Certainty

 

Certainty is a fascinating notion because no matter how sure you are, there’s always a chance something else will happen simply due to the chaotic nature of the universe.  By definition, the most certainty you can ever have is the thing you control the most: I choose to define that as inner wisdom, essence, what makes us who we are. It will undoubtedly be questioned under duress but when cultivated, it’s the most reliable principle we have – even if you define yourself as the most chaotic factor in the equation you can at least be relied upon to be chaotic.  It’s no secret that I’m fairly erratic in my lifestyle, but I still find comfort in it.

Most people who don’t have many certainties are early on the path of discovering who they really are, but we also encounter people who are overly certain – they don’t have many certainties, but they also don’t have many uncertainties (perhaps those who define certainty as having a job and other things in the world they feel they can rely upon). Logically this would mean they are closing themselves off from becoming more evolved beings, but living on a single level with complete certainty of who they are is a perfectly valid choice.

We are born with characteristics to discover about ourselves – if we don’t like them then we can endeavor to change them or we can learn to live with them.  We also have spaces which can be filled with certainties as we establish them.  Because certainties are consciously made decisions, they define us more than characteristics do.  But once we have answered one question with a certainty, we create spaces for many more – so really, the people with the most certainties are also the people who are the least certain.

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Travelling

I have always loved travelling.  Recently, however, my wanderlust has been particularly strong.  Since 2009, my international travels have included the Bahamas, India twice (Delhi, Agra, Jaipur, Shekhawati, Dharamsala, and Bir), Scotland (Edinburgh, Loch Lomond), the Netherlands, Spain (Madrid, Valencia, Barcelona),  Italy, France, England (London, Rye, Kent, Wadhurst), Austria (Vienna, Salzburg), and the Dominican Republic.  In less than 2 weeks I graduate, and two days afterwards I will be off again- starting in London and then most likely heading to Greece (Mykonos or Kos), Morocco (Fez), and the Czech Republic (Prague).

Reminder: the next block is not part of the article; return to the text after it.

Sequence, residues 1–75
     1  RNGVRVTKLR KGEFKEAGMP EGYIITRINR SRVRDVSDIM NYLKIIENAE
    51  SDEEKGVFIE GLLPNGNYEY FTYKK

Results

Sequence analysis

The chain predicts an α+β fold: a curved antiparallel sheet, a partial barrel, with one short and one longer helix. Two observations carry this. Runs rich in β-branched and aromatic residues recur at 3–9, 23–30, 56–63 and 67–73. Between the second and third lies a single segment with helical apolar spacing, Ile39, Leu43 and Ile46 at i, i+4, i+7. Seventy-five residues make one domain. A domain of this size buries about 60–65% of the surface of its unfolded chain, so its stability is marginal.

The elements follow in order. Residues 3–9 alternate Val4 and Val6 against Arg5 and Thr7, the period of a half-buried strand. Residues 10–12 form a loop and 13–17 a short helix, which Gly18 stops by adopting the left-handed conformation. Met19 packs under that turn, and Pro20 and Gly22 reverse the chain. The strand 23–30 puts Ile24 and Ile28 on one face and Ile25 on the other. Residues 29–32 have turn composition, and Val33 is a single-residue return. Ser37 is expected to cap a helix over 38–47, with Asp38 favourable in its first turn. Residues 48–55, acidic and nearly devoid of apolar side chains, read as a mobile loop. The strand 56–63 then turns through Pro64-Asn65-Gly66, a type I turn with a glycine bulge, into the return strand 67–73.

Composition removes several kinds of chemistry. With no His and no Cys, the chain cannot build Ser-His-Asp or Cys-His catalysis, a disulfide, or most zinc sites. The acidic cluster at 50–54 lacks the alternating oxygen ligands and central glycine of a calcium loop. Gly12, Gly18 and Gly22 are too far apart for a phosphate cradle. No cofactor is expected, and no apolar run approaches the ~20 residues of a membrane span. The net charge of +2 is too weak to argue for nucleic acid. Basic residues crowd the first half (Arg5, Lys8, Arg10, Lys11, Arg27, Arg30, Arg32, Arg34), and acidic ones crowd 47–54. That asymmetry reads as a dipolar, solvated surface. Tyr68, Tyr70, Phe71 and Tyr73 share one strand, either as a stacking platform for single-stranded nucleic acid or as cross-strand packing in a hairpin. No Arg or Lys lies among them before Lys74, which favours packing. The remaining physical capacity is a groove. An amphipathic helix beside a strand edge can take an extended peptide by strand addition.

Whew.  Considering I’ve done all that while being a full-time student and also holding jobs, that’s not too shabby.

Edinburgh

Climbing the mountain by Holyrood Palace in Edinburgh

Most people want to travel, I don’t think I’m any different in that respect.  The difference is that with me it’s a borderline compulsion.  I find a way to do it even if it means not buying groceries or textbooks or selling half my possessions on Ebay.

Why?  Good question.  I have had many conversations with many people about why I have a constant need to travel.  I think a large part of it is that I feel as though I am a citizen of the world, not any one place.  I don’t necessarily identify with any one culture, though there are some that I prefer to immerse myself in over others.  I love to see how humans in different locations have built unique societies and have such diverse ways of life- I find it astonishing that one species can develop such different cultures based on their geographic locations.  I also love seeing the natural world and all it has to offer.

Is there a deeper reason for my waywardness?  Some say I’m running from something, others think I’m chasing it.  I honestly don’t know.  I’ve always wanted to travel and the only thing holding me back was lack of means.  My mum will tell you that as soon as I got a job and had a car, I was never home.  I don’t often feel a pull to any specific place, it’s more that I’m constantly fighting some sort of force that’s trying to pick me up and bring me somewhere, anywhere.

Regardless of whether or not I’m fleeing or chasing, I still find travelling extremely neccessary.  I think it’s important to be aware of other cultures, other people’s perceptions of the world, and just the phenomenal gift that is life.  Think about it, though: self-awareness.  What a concept.  We are all a part of something greater, there is some sort of force that holds us here.  Self-awareness isn’t just awareness of your own being, but also everyone else’s and how we’re all intertwined.  There’s a sense of unity that I find when I’m outside of my comfort zone, whether it’s sitting in an airport for 15 hours watching all the people in transit or whether it’s walking ancient ruins that were build thousands of years ago by humans just like us.  It makes me realise that deep down, we are all struggling with the same human issues and enjoying the same human pleasures- some things transcend culture and geography.